“He was outfitted for battle,” she told the jury in opening statements. “He’s got large goggles, boots. He’s got a full body shield.”
Goodwin also wore two pins, one bearing the number 88, a code for “Heil Hitler,” and a second with the logo for the Traditionalist Worker Party, a white-nationalist group.
The attack inside the Market Street parking garage, next to the Charlottesville Police Department, was one of several disturbing acts of violence during the rally, which was held to protest the removal of a statue of Confederate Gen. Robert E Lee from a city park. A self-professed neo-Nazi rammed his Dodge Charger into a crowd of people that day, killing 32-year-old counterprotester Heather D. Heyer, a paralegal.
Videos of the parking garage attack on Harris — and of its preceding moments — have been scrutinized frame by frame by Harris’ defenders and white nationalists, each side arguing over one sticking point: Was Harris a victim or an instigator?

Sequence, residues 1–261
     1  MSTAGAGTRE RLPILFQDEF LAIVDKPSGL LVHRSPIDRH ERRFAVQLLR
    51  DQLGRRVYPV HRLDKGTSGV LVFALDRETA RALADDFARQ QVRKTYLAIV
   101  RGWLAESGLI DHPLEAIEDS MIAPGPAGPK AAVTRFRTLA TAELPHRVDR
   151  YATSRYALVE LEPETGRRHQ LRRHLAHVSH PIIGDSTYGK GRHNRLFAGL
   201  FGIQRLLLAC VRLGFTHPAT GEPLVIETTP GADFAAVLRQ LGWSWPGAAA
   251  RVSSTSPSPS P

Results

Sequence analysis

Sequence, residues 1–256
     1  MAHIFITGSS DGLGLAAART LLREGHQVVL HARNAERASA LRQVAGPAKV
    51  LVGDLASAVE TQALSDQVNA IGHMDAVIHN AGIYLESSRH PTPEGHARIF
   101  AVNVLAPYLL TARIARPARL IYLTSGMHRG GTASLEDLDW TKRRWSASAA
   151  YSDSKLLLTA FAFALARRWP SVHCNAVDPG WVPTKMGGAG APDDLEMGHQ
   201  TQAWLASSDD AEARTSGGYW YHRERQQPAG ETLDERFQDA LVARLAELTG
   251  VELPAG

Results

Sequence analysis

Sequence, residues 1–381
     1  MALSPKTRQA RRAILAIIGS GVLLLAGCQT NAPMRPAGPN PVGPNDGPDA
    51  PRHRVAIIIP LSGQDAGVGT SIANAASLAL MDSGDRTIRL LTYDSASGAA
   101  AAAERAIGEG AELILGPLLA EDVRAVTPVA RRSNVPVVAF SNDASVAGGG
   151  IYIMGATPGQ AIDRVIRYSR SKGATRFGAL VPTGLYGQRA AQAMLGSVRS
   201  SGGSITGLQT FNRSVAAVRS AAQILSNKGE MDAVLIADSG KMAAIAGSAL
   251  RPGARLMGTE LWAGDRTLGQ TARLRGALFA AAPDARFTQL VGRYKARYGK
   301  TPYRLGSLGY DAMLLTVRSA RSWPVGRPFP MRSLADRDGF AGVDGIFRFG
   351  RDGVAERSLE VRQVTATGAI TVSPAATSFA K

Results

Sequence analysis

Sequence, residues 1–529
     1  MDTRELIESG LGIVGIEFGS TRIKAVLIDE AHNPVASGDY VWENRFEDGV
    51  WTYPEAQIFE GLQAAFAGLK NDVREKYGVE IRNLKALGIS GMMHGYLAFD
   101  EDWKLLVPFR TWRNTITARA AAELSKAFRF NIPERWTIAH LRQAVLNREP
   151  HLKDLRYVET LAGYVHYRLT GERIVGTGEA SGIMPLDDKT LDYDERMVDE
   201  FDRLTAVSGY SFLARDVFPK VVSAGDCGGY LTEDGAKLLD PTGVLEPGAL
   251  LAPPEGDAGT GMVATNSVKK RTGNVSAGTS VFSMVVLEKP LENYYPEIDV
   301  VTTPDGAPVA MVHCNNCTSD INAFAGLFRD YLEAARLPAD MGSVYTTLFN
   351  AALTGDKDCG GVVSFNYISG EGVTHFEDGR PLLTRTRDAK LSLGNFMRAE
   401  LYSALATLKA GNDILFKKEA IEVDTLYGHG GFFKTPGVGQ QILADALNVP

Harris was acquitted in March of misdemeanor assault and battery against one of the white supremacists involved in the confrontation.
Nevertheless, much of Goodwin’s trial centered on whether Harris sparked the fight himself by striking a prominent white nationalist in the head with a flashlight. Seconds before Harris ran into the garage shortly after 11 a.m. that day, he was standing at its entrance. He saw a fellow counterprotester being speared in the abdomen with a flagpole by Harold Crews, the North Carolina state chairman of the white-nationalist group League of the South. To protect his friend, Harris swung a flashlight at the flagpole, trying to knock it away.